The Farmworkers Association of Florida was founded in 1983 by a group of farmworkers in Mascotte, Florida to address the needs of the farmworker community in Central Florida at the time. At first, the organization focused on harnessing the farmworkers’ collective power to fight for better housing, wages, and working conditions.
While FWAF continues to fight for these advancements, the organization also aims to challenge policies that exploit farmworkers and the rural poor or keeps these populations powerless and in poverty. FWAF strongly believes in collective power, and the organization has offices across Central and South Florida to be able to connect with the many farmworker communities in Florida. The organization now boasts 8,000 member families and five locations. The main location is still in Apopka, FL. The other offices are based in Fellsmere, Homestead, Immokalee, and Pierson.
One of FWAF’s main services is worker justice. The organization works to organize and build the skills of farmworkers so that they can address injustice in their workplaces. The organization also works with minority-owned small forces to help them access the resource necessary to operate their farm. In addition, the organization fights for immigrant rights. Because many present-day farmworkers are undocumented immigrants, the organization maintains that advances cannot be made without immigration reform.
The organization also has a pesticides action committee, which works to improve health and pesticide safety for farmworkers as well as assessing work sites for violations in worker safety regulations. This extends to other health education initiatives the organization that address issues of sexual health as well as a Sisters/Companera’s program that focuses on women’s health, especially those who are pregnant or have children. The organization also participates in many research projects to further examine the effects of farm working conditions on farmworker health.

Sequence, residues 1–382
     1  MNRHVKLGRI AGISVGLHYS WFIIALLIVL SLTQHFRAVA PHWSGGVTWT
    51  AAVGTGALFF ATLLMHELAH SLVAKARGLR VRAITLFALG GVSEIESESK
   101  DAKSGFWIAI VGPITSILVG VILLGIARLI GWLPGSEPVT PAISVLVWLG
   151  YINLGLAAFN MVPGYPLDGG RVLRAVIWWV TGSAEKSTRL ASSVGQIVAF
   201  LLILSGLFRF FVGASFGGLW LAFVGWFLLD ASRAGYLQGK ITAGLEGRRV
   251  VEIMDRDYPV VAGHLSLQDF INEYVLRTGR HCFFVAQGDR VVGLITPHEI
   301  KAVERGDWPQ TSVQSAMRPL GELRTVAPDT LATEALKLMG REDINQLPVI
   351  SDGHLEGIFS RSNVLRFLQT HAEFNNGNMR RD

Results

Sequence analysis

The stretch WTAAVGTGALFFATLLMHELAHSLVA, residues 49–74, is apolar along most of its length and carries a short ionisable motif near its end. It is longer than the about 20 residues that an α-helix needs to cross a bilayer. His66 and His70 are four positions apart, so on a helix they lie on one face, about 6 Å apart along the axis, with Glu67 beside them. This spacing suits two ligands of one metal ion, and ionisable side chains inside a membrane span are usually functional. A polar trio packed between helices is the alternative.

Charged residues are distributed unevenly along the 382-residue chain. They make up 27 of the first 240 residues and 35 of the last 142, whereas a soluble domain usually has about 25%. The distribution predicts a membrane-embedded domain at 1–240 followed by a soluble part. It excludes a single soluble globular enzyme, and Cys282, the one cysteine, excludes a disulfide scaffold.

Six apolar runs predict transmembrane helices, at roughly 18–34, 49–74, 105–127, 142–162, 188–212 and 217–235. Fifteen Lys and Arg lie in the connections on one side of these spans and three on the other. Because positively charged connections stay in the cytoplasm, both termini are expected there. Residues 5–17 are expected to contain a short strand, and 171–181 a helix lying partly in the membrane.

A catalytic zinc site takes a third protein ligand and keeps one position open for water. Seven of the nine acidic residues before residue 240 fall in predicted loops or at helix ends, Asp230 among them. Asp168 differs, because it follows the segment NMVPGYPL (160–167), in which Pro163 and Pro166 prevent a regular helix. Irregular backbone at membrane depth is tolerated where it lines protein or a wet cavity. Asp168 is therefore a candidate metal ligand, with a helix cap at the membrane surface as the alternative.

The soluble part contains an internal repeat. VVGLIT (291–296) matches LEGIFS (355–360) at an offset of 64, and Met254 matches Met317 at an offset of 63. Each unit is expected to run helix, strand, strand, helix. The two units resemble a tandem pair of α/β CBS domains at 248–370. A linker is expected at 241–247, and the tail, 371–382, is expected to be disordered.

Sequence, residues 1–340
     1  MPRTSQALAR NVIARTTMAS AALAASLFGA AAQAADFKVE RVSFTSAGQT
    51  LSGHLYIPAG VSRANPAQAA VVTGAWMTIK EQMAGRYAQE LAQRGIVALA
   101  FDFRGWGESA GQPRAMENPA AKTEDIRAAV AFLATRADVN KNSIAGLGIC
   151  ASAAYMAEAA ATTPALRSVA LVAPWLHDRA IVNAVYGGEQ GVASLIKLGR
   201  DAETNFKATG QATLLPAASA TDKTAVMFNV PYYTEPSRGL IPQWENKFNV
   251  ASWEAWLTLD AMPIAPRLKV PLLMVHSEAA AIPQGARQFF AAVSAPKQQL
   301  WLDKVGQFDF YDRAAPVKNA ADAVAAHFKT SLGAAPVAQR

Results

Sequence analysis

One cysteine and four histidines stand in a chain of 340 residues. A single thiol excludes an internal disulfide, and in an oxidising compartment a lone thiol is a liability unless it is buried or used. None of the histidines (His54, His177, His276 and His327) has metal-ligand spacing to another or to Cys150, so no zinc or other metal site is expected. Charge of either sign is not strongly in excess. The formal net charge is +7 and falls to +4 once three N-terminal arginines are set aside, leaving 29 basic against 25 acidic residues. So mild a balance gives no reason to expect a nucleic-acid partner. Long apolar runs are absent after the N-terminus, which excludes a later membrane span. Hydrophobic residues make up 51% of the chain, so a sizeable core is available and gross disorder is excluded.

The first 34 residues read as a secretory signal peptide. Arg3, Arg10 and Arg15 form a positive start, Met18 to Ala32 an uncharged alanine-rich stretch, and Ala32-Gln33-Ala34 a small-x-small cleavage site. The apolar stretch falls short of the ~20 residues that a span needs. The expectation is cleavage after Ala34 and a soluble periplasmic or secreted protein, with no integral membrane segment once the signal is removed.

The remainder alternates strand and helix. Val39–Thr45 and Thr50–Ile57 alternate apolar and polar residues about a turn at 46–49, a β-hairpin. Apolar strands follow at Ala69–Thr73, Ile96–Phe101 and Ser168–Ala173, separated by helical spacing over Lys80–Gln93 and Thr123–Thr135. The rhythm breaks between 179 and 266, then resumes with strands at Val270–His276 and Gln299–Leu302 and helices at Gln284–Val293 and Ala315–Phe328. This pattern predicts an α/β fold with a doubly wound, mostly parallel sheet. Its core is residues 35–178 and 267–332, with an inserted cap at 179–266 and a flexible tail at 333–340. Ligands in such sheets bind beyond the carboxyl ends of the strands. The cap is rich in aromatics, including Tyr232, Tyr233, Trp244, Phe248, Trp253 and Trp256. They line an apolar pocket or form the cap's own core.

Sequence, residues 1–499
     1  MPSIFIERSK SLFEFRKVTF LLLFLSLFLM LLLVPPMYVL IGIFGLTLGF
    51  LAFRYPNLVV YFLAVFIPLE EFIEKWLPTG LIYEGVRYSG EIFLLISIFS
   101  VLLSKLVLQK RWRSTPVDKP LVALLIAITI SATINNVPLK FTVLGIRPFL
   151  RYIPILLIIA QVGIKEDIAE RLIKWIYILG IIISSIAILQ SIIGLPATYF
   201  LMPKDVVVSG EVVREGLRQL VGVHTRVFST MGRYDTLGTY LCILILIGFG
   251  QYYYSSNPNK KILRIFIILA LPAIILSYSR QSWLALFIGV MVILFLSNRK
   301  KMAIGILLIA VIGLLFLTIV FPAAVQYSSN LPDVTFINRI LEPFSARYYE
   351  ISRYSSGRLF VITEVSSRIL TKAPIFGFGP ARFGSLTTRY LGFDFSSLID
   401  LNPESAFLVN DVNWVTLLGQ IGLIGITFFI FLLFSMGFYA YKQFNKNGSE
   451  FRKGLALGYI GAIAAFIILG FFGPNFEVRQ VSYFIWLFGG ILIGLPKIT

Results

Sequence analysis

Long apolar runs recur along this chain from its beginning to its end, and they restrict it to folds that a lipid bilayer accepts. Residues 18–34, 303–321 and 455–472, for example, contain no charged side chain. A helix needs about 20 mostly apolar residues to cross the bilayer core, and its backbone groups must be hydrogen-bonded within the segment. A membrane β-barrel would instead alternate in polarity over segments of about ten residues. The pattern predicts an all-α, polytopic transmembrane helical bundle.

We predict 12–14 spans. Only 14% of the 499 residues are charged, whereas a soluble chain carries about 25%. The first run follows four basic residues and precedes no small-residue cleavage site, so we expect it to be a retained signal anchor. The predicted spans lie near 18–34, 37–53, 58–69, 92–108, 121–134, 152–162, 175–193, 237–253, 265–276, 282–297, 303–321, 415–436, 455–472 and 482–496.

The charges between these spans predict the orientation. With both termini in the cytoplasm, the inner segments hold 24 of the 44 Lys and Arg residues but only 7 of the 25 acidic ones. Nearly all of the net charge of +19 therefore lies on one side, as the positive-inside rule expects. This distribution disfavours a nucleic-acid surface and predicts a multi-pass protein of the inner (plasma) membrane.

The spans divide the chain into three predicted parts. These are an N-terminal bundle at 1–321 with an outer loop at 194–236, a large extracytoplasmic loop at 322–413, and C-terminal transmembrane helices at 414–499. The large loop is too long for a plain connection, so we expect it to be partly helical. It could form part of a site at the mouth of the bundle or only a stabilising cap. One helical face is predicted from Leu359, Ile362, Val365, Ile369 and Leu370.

Farmworkers also face a large amount of food insecurity, despite picking food for all consumers. FWAF organizes Campesino Gardens which give farmworkers access to locally grown, organic food. Additionally, because Farmworkers live in rural areas and may only have access to inadequate services, the organization has disaster response teams and resources to assist farmworkers who may be affected by hurricane, tornadoes, and flooding.
To spread awareness of these conditions and bring in volunteers, FWAF hosts service learning projects and has a quilt built as part of the Lake Apopka project that commemorates the original Lake Apopka farmworkers that worked on the old muck farms.
An Overview of The Campaign
This communication plan is focused on bringing awareness to the issue Farmworker’s face with a daily exposure to pesticides. Pesticides can cause great harm on the human system, however, many farms do not provide enough safety to safeguard farmworkers against the harmful effects of pesticides.
The general message is focused on bringing awareness to the symptoms of pesticide exposure and action steps viewers can take to help alleviate the prevalence of pesticide poisoning.
The logo features a sun that is representative for Florida, also known as the sunshine state. Likewise, the image showcases a farm worker who is carrying a bucket filled with oranges, a main crop in Florida. The main tagline is “for farm work with dignity” because FWAF focuses on creating a more dignified life for farm workers.